As maverick Cowper-Cowles struggles to keep a lid on it, a wider question regarding support for our troops arises...
Serial maverick, Sir Sherard Cowper-Cowles has been at it again. This time, it’s the army in his crosshairs. Launching a war of words on Sir Richard Dannatt, Cowper-Cowles has branded the former Army chief a liar and effectively accused him of launching troops into Afghanistan for the end of protecting the army’s raison d’être. “Use them or lose them,” Cowper-Cowles attributes Dannatt as saying; a point which the latter fervently denies.
Let’s step aside from the pantomime script – “oh no I didn’t,” “oh yes you did!” – we cannot possibly know how much truth is in these statements. But there is a wider issue at hand. Cowper-Cowles, a staunch critic of the ongoing campaign in Afghanistan, is bashing the forces at a time when support is needed.
Public opinion, a key factor in any war launched by a democratic state, is particularly vital in counterinsurgency (COIN) environments. Fighting wars deemed by the public to be ‘non-existential’, thousands of miles from home, for notoriously long periods of time (let us not forget that no successful COIN campaign has been won in anything short of a decade) will always be challenging. Add the mix the fact that gains are incremental and subtle and that losses are tragic and widely reported and the public’s patience can become something of a proverbial ticking time bomb. But in this case, it ought not to be.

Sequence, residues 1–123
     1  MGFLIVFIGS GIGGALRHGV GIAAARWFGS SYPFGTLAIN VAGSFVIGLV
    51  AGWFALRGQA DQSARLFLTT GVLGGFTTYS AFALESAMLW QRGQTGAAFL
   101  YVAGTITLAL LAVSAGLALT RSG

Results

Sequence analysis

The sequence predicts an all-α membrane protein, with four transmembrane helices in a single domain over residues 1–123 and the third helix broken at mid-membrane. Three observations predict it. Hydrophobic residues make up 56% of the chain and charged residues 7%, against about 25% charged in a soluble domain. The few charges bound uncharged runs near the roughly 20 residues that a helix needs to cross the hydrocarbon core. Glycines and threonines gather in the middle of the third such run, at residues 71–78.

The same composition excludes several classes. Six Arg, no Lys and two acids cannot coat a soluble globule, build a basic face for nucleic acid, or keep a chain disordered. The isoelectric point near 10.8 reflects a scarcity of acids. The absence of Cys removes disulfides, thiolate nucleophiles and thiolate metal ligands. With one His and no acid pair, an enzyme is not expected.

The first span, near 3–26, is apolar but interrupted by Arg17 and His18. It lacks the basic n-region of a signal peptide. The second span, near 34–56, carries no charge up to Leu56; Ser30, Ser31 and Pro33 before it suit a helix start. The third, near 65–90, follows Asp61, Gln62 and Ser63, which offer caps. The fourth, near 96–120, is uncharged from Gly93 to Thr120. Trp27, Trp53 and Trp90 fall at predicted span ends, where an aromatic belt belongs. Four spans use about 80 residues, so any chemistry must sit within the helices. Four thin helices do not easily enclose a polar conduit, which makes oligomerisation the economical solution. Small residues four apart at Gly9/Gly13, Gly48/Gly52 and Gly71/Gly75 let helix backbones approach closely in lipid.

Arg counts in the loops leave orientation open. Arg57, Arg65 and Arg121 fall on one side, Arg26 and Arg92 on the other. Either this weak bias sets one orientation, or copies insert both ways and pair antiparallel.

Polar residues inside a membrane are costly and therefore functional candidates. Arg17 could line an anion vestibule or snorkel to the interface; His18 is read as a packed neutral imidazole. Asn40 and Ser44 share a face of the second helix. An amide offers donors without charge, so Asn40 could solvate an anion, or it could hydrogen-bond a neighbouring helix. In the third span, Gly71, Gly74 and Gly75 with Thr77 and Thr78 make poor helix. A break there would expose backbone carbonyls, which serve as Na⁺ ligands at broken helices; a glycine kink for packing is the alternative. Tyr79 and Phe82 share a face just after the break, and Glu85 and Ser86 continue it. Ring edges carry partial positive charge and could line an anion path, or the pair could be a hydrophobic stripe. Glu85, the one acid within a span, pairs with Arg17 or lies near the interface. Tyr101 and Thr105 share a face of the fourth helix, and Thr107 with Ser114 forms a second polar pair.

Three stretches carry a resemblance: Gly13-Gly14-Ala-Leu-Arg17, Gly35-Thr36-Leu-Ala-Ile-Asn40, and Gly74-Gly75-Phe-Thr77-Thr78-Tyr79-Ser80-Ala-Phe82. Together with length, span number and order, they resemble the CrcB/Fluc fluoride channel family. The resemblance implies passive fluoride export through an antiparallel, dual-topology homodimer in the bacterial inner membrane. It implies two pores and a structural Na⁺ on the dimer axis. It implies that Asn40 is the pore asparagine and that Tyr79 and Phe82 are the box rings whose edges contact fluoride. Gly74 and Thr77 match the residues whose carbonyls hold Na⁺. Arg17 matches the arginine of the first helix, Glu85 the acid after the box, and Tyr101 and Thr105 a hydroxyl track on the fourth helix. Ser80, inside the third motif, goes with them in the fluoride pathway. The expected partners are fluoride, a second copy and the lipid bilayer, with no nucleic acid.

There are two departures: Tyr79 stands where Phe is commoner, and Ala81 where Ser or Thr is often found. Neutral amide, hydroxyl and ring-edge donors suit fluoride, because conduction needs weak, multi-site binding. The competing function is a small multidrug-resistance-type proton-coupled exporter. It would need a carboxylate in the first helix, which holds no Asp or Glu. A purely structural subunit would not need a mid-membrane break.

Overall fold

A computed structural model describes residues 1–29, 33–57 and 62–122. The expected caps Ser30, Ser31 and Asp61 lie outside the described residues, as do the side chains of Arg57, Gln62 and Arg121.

British forces are in Afghanistan for pragmatic strategic reasons. Whether Dannatt feared for the survival of his institution or not, trashing the campaign and pulling the plug on Afghanistan now would be both morally and strategically negligent. Having toppled the barbaric Taliban regime, the Coalition has a moral obligation to stay the course and ensure security for Afghans so as to create the necessary breathing space for governance and development to mature and prosper. At the same time the strategic significance, which has been well documented, is equally vital. To recap, not only must we bring stability to Afghanistan as a means of battling Islamic extremism and its by-product of terrorism, but there is also a genuine obligation to ensure stability in a state which borders nuclear Pakistan and shares a feral tribal region in between. Cutting our losses now would not only allow the Taliban a potential route to regional power, but it would also have a disastrously negative impact on our credibility which is vital in deterring future threats.
Military power and strategic guidance is not always enough to win in war if passion is found wanting. Thus, Cowper-Cowles’s comments are not only unnecessary and untimely, but they are potentially hazardous if one considers the fine balance we are currently maintaining between fighting a worthwhile war and a near total collapse of public support. Now is the time to tip the seesaw in favour of the former and see it through.